People desire, at the very least, shades of fidelity between thought and action, ideals and deeds. But the piquant notes tucked away in these neatly coined phrases reveal more than just frustration with inconsistency. The nugget of injustice the terms are swiping at is the fact the middle-classes, loaded with bourgeois sensibilities, are perceived to have hijacked a theory that claimed the working-classes and history had each found redemption in the other.

The delusory demonisation of Conservatives

David Cowan 10.59am

There are many young Conservatives in Britain. But many do not dare admit it. Young Liberal Democrats, Labourites, Socialists and Marxists are lauded as idealists who care about the injustices of the world, whereas young Conservatives are seen to be unpleasant, reactionary and self-interested individuals with no capacity for compassion (pace unpleasant publicity here and here).

Yet this perception has very little to do with the facts and has everything to do with the Left’s need to discredit a party which has done so much for this country, especially for the most vulnerable in our communities. Sir Robert Peel’s Factory Act 1844, Benjamin Disraeli’s Artisan’s and Labourers’ Dwellings Improvement Act 1875 and Public Health Act 1875, Rab Butler’s Education Act 1944, Harold Macmillan’s housing programme, and Margaret Thatcher’s Right to Buy initiative are just some of the Conservatives achievements which have improved the nation as a whole.

The current debate over the coalition government’s spending plans has been the latest cause for demonising the Conservatives, but the truth is that eliminating the budget deficit is saving £1,000 for every family in the country by decreasing borrowing costs; taking £5,000 off every family’s mortgage interest bill by keeping long-term interest rates low; helping people to pay off their credit card bills; and getting lending to small businesses going again.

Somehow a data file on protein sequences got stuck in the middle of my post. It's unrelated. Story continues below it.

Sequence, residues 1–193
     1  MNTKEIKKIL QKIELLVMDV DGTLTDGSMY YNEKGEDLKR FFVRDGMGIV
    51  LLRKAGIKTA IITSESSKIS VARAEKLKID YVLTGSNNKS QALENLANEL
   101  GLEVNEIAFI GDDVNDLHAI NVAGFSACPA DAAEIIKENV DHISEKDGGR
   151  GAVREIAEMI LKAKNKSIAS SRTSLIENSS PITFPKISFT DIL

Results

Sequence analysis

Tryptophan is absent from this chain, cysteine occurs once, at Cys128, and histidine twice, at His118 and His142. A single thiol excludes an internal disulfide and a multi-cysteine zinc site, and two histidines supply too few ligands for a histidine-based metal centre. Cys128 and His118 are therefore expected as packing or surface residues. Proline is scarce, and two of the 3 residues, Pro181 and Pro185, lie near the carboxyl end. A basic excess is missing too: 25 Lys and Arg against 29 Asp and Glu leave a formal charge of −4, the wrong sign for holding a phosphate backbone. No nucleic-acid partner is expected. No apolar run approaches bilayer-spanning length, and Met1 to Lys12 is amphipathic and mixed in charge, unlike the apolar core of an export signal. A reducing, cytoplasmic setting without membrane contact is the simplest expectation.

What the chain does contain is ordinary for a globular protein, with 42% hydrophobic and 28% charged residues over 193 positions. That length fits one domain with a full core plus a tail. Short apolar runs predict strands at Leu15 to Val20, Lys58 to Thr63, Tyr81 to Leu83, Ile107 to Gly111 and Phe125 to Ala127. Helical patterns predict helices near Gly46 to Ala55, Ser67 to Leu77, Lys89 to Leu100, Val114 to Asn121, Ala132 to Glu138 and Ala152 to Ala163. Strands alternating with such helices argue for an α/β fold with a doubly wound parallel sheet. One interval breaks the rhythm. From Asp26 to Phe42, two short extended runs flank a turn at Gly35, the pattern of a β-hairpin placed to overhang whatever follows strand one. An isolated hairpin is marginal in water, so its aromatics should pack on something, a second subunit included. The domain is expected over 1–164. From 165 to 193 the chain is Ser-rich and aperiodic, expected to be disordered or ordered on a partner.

Britain’s national debt is having a harmful impact on everyone, especially the poor. There is nothing progressive about spending £47.6 billion on debt interest repayments instead of schools and hospitals.

Despite the current economic hardship, the Conservatives have still managed to protect the schools budget and increase NHS spending every year in real terms. They have also embarked on an ambitious programme of reform to modernise our public services and to tackle poverty at home and abroad.

Welfare benefits are being simplified so that being in work will always pay more than being out of work. A rehabilitation revolution intends to get criminals out of the vicious cycle of reoffending. A new Troubled Families Team will provide ‘action plans’ for dysfunctional families to help turn their lives around.

The Conservatives are also dealing with global poverty by increasing international aid to 0.7% of GNP by 2013 so we can train 190,000 teachers, immunise more than 55 million children against preventive diseases, and give 15 million people access to clean drinking water.

Most Conservatives are motivated by a strong sense of duty and responsibility. They believe that there should be a link between effort and reward, that everyone should have the opportunity to be successful, everyone should have the freedom to make their own decisions and choices in life, and we should always help the most vulnerable in our communities.

Follow David on Twitter @david_cowan

This article first appeared on The Cambridge Union Society’s Huffington Post UK blog